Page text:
Claire tightens her arms across her chest. She feels disengaged from herself, her mind from her mouth, hearing her own words as if spoken by someone else. She must hold herself in place carefully -- too much talk, too much motion, and she might splinter apart. Then Bob stands up and takes a step toward her.
"I'm sorry," Claire says. Her voice is trembling. She unclasps her arms, slides her wedding ring off, and drops it in an empty kill jar on the end of Bob's desk.
Copyright © 2007 by Elise Juska
13. Walking Stick
Posted February 22, 2010
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A lovely novel. One for Sorrow, Two for Joy will make you long to travel as well as remind you of all the things at home you cherish. Claire, unhappy in the past as well as the present, leaves her professor husband and travels to Ireland to visit her carefree sister. There, like the crossword puzzles she is constantly creating, she begins to piece her life together, reassemblng memories of her difficult, deceased mother, and connecting with her wild sister and distant father. All this set against the stormy green of Ireland, the pubs, peat, jigs, and superstition, makes this both a contemplative and lush ride.Was this review helpful? Yes NoThank you for your feedback. Report this reviewThank you, this review has been flagged.
Posted January 23, 2010
Claire is an etymologist, who didn't finish her PhD to move with her entomologist husband to New Hampshire. The best I can say is Claire is a snobby, messed-up, unfeeling nutcase who worries whether one is using the word sylvan correctly. She leaves Bob, and, having no where to do, visits her younger, happier, more loving college drop-out sister who has moved to Ireland to be with her boyfriend and tend bar. If you are expecting Claire to change while finding herself in this book, you will be disappointed. She is as unpleasant and cold at the end as at the beginning. Two thumbs down.Was this review helpful? Yes NoThank you for your feedback. Report this reviewThank you, this review has been flagged.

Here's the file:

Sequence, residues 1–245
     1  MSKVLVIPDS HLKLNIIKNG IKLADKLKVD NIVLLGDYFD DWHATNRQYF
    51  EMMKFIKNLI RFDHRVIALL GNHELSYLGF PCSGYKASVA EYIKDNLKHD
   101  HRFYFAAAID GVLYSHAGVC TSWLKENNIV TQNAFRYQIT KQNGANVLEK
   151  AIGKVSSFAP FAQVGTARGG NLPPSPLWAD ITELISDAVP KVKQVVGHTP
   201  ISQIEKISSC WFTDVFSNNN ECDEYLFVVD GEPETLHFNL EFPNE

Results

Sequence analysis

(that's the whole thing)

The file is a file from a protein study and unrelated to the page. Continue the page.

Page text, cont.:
Posted February 18, 2009
Posted December 9, 2008
Former etymology graduate student Claire tells her spouse Bob, an entomology professor that she is leaving him. Ever logical he asks her where she will go if she leaves their New Hampshire home. Married two years she leaves her ring behind as she tells him she does not know yet but will inform him once she does. She reflects back to when they met when both were in graduate school. She saw him ¿talking¿ to a caterpillar. They began to date and when he was offered a teaching position in New Hampshire, she stopped writing her PH.D in linguistics to marry and join him. Since she stopped going to school Claire has felt useless and does not fit in with the other spouses of professors. Claire calls her younger sister Noelle in Ireland informing her she left Paul. Noelle says she is surprised that Claire showed the guts and invites her to spend time with her and her boyfriend. Claire reflects on how the two sisters have seen each other twice in two years, at her wedding to Bob and at their mom¿s funeral. Claire accepts the invitation and leaves Bob a message. Now the two sisters try to reconcile the split caused by mom favoring Noelle and dad defending Claire. --- The key to this fine family drama is the changing relationship between the two sisters. The lead protagonist struggles with finding her place in life. This is handled deftly through present incidents and flashbacks although why Claire stopped working on her dissertation is unclear as school was her life before Bob. The dysfunctional family that the siblings were raised in allied each to a differing parent, which adds depth to the heroine¿s present day problems. Fans of a deep character study starring an adult coming of age protagonist will enjoy Elise Juska¿s fine look at Claire seeking something of substance even if it means sleeping alone. --- Harriet KlausnerWas this review helpful? Yes NoThank you for your feedback. Report this reviewThank you, this review has been flagged.
Posted February 5, 2011